In what could be a rare bright spot emerging from an otherwise gloomy external sector, foreigners have continued their purchasing of rupee treasuries, stretching the streak into its fifth consecutive week last week.
The data through the week ended on September 28 showed that foreign investors had bought rupee bonds with a dollar equivalent of Rs.6,404.14 million, which translated into a robust 40.61 percent increase from the previous week.
With the latest holdings, foreigners had accumulated Rs.22,173.40 million worth of rupee bonds, bulk of which came in the last four weeks.
Foreigners who started returning from the final week of August with hopes of Sri Lanka striking an initial deal with the International Monetary Fund (IMF) for revenue based fiscal consolidation, accelerated their weekly accumulations of rupee bonds since the two sides agreed for a Staff Level agreement on August 31.
Since then, they have consistently increased their pace of accumulation of rupee bonds at the rates of 23.18 percent, 60.34 percent and 99 percent in the first three weeks of September respectively.
After the total crash of its economy, Sri Lanka has embarked on some of the toughest and most challenging set of fiscal reforms including higher taxes, cost-reflective utility prices, long-overdue SOE reforms.
While such reforms have inflicted enormous pain on the people who had already been grappling with spiralling inflation caused by the rupee’s free fall since March, investors both foreign and local, typically cheer such reforms as they put the country’s budget, debt and the external sector in a more sustainable path.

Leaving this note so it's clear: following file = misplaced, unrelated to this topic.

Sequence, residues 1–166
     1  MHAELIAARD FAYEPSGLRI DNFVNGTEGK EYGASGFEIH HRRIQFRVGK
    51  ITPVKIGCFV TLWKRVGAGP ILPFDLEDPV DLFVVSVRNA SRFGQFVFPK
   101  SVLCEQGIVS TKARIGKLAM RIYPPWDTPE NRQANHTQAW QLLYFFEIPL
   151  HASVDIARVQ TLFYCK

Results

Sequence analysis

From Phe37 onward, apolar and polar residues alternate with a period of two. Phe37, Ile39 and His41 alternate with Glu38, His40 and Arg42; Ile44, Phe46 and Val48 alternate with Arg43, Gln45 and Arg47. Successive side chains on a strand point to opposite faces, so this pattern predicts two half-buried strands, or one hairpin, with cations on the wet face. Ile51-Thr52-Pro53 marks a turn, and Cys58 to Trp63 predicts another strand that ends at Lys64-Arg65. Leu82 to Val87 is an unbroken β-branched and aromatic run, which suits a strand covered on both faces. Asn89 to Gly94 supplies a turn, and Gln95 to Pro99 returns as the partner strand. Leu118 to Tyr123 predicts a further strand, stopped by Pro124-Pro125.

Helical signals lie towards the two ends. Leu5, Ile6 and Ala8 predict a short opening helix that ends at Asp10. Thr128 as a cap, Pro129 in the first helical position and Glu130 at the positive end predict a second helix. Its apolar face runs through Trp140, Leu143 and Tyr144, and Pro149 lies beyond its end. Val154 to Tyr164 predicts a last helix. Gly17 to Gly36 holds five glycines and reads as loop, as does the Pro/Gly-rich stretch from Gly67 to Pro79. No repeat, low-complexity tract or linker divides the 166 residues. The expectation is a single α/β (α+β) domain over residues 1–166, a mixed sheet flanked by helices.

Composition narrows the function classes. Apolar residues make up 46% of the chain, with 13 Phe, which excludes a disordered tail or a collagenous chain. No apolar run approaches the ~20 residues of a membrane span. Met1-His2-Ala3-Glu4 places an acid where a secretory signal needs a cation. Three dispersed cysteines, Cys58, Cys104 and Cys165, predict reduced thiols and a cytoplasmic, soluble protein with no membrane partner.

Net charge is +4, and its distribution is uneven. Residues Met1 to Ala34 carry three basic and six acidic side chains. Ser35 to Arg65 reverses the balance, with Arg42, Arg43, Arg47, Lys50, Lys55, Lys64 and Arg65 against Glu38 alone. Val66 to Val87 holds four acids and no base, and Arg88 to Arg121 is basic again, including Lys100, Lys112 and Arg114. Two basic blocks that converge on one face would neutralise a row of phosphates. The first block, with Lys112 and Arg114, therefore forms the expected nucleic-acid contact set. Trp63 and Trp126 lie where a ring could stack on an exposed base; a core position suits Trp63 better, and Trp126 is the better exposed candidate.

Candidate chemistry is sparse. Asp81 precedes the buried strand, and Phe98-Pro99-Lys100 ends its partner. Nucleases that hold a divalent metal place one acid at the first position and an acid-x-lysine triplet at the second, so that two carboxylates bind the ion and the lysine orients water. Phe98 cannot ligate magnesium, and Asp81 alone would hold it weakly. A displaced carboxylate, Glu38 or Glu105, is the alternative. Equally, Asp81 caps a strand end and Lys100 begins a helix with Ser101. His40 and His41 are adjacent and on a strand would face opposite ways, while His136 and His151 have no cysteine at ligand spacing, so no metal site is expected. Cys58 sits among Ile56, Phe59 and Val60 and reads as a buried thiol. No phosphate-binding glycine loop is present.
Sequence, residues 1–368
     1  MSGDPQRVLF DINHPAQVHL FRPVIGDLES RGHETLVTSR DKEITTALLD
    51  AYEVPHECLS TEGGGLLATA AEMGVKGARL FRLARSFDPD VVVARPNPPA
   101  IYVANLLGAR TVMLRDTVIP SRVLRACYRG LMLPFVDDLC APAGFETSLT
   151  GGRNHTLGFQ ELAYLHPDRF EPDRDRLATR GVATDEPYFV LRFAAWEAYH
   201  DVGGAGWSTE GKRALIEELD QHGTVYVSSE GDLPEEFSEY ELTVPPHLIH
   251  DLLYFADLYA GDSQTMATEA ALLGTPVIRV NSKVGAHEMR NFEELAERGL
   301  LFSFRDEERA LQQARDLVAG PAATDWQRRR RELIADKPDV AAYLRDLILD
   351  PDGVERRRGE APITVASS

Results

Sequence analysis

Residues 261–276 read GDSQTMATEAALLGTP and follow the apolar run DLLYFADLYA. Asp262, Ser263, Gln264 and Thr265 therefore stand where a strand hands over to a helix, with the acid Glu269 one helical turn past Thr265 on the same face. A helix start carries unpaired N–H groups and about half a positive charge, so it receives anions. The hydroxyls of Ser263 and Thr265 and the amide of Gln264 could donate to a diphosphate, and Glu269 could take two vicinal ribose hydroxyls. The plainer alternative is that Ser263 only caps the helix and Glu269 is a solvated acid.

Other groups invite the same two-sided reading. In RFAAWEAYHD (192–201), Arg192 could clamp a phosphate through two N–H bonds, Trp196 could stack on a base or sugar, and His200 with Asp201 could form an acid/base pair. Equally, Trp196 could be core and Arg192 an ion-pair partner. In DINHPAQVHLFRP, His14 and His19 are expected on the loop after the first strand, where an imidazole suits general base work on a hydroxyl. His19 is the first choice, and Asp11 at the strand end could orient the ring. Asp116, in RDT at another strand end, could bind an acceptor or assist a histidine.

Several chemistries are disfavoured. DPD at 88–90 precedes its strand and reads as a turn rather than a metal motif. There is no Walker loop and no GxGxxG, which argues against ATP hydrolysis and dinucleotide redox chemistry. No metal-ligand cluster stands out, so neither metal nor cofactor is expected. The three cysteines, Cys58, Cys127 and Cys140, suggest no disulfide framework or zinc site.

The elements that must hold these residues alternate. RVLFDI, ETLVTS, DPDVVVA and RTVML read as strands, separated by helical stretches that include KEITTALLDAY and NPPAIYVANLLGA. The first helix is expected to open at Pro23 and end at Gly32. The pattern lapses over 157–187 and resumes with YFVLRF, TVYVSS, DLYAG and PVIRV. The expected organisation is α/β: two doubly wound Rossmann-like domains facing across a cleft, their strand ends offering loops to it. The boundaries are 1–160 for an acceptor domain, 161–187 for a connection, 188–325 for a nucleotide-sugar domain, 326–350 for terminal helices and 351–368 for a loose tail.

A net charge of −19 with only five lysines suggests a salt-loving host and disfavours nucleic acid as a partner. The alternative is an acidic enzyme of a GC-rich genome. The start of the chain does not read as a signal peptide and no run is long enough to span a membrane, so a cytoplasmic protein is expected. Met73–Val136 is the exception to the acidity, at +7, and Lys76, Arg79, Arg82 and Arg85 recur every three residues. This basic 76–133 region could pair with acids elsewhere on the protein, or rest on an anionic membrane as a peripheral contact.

Last week, global investors punished United Kingdom’s (UK) tax cuts and energy subsidies as part of its mini-budget presented about a week ago by sending UK bond yields to record highs and crashing the British Pound to the lowest ever levels against the dollar as investors began to question about the government’s fiscal credibility amid concerns over inflation, one of the highest among the G7 economies.
The wild swings seen in the UK’s bond and its currency markets over the past week prompted some analysts and commentators to liken its economy to an emerging market. The IMF also reprimanded the UK over its fiscal largesse, last week.
The UK is a reminder that bond investors in particular prefer to invest in debt of governments whose fiscal deficits are more sustainable.